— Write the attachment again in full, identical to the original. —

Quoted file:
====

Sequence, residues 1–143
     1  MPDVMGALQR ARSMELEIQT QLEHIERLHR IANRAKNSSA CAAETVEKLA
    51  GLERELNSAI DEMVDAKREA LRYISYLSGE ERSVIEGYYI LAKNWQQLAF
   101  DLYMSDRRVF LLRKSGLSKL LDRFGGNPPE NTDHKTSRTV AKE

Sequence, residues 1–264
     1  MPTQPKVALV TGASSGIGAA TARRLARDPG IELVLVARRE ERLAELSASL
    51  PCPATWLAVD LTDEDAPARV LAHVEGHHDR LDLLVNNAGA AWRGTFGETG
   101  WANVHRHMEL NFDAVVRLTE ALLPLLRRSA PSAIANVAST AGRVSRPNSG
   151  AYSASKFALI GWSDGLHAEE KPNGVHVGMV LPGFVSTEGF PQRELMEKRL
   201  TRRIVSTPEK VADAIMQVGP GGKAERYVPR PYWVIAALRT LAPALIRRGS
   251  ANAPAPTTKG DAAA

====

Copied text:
Sequence, residues 1–143
     1  MPDVMGALQR ARSMELEIQT QLEHIERLHR IANRAKNSSA CAAETVEKLA
    51  GLERELNSAI DEMVDAKREA LRYISYLSGE ERSVIEGYYI LAKNWQQLAF
   101  DLYMSDRRVF LLRKSGLSKL LDRFGGNPPE NTDHKTSRTV AKE

Sequence, residues 1–264
     1  MPTQPKVALV TGASSGIGAA TARRLARDPG IELVLVARRE ERLAELSASL
    51  PCPATWLAVD LTDEDAPARV LAHVEGHHDR LDLLVNNAGA AWRGTFGETG
   101  WANVHRHMEL NFDAVVRLTE ALLPLLRRSA PSAIANVAST AGRVSRPNSG
   151  AYSASKFALI GWSDGLHAEE KPNGVHVGMV LPGFVSTEGF PQRELMEKRL
   201  TRRIVSTPEK VADAIMQVGP GGKAERYVPR PYWVIAALRT LAPALIRRGS
   251  ANAPAPTTKG DAAA